Saturday, July 01, 2006

Baptists and Religious Freedom: The Courage to Confront the Establishment

Tuesday, we celebrate the birth of our nation. The United States is a nation that stands for freedom. One of our most basic freedoms that we cherish is the freedom of religion. Within the first sentence of the first amendment to the Constitution, we find the words that spell out the doctrine of the separation of church and state. “Congress shall make no law respecting an establishment of religion nor prohibiting the free exercise thereof.” For more than two centuries Americans have enjoyed the fact that they can exercise their faith any way they please and can even have no faith at all, all without any coercion from the government. That, in my opinion, is one of our most basic of freedoms and it has served us well. It certainly explains why religion thrives so well in America.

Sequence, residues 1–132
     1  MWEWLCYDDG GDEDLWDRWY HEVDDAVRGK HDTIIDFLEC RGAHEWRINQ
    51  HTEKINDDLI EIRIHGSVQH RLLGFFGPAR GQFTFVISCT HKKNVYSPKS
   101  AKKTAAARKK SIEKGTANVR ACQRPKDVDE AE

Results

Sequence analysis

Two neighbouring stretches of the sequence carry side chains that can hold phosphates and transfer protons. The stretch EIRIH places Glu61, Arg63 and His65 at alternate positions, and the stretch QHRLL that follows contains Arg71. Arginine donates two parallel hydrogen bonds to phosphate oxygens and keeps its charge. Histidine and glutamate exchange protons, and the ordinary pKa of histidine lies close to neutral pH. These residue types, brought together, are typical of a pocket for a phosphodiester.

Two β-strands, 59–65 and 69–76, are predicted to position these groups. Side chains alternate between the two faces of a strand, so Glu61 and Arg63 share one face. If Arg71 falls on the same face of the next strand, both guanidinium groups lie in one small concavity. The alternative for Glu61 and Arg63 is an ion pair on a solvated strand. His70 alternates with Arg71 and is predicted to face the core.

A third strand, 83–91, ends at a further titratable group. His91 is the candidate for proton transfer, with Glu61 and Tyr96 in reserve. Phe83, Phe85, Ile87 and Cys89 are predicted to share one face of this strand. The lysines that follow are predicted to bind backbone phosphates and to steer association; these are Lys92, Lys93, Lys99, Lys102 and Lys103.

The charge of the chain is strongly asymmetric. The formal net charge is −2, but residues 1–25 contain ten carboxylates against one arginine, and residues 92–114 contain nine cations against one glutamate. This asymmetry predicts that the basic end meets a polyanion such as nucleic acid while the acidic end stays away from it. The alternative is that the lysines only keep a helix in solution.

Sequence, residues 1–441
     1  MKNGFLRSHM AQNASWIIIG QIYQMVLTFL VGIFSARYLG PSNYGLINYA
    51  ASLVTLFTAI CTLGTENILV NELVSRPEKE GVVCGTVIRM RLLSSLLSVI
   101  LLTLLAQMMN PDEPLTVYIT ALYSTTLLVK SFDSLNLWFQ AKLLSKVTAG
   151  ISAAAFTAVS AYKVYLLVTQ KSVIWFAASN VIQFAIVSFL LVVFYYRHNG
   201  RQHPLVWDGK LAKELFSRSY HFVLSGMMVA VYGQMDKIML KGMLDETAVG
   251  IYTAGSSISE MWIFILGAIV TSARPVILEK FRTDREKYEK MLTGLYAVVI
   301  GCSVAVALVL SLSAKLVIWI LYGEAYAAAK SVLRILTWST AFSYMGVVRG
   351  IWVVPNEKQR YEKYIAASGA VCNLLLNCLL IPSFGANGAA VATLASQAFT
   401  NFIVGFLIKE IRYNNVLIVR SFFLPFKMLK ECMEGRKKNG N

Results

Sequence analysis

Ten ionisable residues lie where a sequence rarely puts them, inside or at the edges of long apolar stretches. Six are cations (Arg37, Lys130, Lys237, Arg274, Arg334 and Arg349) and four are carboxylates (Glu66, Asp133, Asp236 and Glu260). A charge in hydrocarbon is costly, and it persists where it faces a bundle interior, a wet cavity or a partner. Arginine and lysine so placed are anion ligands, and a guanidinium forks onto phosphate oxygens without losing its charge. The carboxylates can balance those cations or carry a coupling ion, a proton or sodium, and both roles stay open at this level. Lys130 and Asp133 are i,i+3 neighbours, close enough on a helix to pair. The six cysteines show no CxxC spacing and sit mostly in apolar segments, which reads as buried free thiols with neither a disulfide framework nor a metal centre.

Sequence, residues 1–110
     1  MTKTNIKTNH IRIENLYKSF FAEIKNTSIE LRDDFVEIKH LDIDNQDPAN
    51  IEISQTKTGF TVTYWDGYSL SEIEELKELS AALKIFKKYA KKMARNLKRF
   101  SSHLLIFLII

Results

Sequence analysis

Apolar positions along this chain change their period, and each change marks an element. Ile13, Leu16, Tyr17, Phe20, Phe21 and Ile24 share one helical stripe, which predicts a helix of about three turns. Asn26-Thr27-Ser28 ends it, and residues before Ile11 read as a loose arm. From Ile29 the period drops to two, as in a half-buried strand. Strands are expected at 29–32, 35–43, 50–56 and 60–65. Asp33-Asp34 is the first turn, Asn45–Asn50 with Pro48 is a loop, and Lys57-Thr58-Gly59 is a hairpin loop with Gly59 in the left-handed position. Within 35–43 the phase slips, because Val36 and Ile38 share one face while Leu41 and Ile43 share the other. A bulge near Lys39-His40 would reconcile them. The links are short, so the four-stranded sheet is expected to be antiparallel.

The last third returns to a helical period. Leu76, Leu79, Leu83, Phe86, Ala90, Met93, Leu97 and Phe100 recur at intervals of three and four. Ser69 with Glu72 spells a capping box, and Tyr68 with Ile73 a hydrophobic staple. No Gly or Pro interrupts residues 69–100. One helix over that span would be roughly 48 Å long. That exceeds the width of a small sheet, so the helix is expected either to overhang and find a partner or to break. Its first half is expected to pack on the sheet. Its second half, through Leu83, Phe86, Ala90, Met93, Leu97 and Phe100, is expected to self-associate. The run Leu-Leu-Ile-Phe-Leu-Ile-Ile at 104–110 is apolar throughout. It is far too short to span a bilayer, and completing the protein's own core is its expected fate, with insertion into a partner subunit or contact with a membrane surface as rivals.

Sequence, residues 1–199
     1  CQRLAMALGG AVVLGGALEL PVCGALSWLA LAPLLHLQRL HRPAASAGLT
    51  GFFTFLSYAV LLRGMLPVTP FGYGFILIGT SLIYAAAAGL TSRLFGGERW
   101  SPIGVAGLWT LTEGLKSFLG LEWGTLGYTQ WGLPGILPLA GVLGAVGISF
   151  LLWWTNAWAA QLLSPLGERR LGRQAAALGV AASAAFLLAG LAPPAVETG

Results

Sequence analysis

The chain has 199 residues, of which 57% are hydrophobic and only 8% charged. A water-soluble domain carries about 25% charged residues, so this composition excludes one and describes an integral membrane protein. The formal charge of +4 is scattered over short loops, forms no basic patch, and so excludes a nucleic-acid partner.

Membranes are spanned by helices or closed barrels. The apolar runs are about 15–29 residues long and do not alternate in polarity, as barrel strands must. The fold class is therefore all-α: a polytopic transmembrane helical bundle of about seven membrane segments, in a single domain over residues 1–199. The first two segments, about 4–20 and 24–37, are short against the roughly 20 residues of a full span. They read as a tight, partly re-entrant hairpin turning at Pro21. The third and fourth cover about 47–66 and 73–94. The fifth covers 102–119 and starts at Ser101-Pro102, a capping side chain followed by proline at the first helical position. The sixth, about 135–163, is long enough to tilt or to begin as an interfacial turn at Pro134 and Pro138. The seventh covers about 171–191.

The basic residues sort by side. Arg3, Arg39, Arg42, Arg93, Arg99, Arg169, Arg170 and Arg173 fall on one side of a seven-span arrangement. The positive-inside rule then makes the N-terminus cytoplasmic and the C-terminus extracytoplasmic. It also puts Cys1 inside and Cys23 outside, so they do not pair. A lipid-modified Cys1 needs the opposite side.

There is a very long tradition of Baptist attention to religious liberty and separation of church and state. In his book, The Baptist Identity, Walter Shurden indicates that frequently, Baptists have been a “Romans 13 people,” recognizing that God ordains the government and they have been supportive. Other times, Baptists have been a “Revelation 13 people,” living under political circumstances where they consider the government to be the “Beast” and having to “oppose the state with their very lives.” But, most of the time, Baptists have been a “Matthew 22 people,” able to “render unto Caesar what is due to Caesar and to God what is God’s.”[1]